Booker T. Washington Boyhood Cabin
West Virginia State University
Institute, WEST VIRGINIA 25112
Contact phone: 304-766-4281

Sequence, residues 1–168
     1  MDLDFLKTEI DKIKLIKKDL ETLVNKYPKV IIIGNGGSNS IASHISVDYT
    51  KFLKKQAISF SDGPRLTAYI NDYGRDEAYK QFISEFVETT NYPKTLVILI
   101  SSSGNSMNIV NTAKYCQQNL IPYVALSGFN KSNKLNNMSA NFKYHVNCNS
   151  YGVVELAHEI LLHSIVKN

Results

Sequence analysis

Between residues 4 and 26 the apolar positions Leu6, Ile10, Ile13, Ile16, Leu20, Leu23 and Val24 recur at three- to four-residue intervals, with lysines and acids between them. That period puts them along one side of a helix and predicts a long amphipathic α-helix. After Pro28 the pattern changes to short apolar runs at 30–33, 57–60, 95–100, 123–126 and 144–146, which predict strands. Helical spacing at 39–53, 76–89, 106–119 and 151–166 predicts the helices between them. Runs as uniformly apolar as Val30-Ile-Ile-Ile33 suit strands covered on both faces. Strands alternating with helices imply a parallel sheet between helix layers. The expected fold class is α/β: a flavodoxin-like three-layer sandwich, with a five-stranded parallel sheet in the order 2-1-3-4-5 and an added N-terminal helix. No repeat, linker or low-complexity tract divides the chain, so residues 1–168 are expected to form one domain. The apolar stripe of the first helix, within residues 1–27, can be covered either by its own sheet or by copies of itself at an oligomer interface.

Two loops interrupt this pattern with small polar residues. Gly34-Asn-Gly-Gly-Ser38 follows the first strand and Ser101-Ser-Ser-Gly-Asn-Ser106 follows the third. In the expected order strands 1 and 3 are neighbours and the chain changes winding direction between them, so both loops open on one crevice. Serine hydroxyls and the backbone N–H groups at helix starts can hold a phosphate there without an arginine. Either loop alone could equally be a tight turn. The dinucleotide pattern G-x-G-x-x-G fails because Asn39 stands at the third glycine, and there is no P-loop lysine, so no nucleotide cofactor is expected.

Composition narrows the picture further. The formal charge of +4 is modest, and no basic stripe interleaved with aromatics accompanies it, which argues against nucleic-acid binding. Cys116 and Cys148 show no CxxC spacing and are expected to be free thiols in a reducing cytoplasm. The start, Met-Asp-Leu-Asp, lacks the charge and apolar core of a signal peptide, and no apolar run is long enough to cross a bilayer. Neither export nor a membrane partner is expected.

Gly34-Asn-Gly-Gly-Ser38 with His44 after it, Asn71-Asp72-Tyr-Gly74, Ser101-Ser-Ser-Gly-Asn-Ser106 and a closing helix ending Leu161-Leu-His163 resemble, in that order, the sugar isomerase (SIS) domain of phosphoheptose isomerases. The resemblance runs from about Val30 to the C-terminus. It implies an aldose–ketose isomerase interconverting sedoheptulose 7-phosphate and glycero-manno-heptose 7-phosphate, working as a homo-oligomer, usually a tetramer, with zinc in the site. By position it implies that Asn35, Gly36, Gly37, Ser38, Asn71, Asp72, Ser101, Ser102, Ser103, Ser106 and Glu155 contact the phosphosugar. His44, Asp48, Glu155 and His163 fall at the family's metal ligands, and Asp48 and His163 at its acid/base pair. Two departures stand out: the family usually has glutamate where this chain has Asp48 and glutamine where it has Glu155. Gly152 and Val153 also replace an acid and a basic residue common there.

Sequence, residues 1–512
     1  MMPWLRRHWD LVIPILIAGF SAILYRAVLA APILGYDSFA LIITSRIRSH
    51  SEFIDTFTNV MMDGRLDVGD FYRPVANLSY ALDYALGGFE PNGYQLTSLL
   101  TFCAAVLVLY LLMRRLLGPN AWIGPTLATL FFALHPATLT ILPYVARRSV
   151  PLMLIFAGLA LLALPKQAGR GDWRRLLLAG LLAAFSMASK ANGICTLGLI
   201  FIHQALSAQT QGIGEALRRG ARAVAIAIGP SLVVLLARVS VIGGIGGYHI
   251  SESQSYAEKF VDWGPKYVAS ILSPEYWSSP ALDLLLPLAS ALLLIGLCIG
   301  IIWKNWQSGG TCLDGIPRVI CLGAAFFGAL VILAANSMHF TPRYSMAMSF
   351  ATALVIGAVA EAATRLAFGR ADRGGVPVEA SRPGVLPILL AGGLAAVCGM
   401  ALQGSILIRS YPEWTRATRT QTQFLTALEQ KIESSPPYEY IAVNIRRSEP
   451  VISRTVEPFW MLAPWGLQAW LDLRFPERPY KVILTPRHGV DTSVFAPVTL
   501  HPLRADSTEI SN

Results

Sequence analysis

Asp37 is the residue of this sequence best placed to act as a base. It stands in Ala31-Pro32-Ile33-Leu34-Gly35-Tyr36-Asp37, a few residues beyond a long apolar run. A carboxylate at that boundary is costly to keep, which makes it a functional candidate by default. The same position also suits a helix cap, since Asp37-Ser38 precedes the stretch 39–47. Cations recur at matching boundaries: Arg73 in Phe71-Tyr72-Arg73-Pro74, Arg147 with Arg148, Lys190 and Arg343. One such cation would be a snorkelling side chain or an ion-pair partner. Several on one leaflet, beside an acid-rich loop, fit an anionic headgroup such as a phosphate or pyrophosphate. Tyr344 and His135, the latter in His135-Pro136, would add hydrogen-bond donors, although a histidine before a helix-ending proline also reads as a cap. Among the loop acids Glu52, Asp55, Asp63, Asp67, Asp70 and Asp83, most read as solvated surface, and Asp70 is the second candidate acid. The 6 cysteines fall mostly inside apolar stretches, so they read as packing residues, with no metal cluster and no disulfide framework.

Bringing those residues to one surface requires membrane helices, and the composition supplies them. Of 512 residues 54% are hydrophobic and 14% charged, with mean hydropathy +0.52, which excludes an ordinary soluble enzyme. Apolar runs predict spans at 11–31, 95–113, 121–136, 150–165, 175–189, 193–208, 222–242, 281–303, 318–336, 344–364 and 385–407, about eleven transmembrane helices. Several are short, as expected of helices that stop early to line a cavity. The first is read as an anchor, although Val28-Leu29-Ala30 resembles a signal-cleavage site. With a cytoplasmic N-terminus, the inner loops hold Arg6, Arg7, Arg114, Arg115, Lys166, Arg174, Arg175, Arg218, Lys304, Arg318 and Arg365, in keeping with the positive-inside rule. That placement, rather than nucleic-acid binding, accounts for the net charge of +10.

Located just behind the African Zion Baptist Church, Booker's cabin was built to match a photograph of his home. Booker T. Washington had a major influence on southern race relations and was the dominant figure in black public affairs from 1895 until his death in 1915. Born into slavery and illiteracy, Washington rose up to become the foremost educator and leader of black Americans at the turn of the century. In 1865, the nine-year-old Booker walked with his family 225 miles from Hales Ford, VA, to his freedom home in Malden. There he labored as a salt-packer and worked in the coal mines before becoming a houseboy for the wife of Lewis Ruffner, owner of the mines. She encouraged Booker to continue his education and, in 1872, he entered the Hampton Agricultural Institute. A forceful speaker, Washington became skilled in politics. Powerful and influential in both white and black communities, Washington was a confidential advisor to U.S. presidents. For years, presidential political appointments of African Americans were cleared through Washington. A man who overcame near-impossible odds himself, Booker T. Washington is best remembered for helping black Americans rise up from the economic slavery that held them down for so long after they were legally free citizens.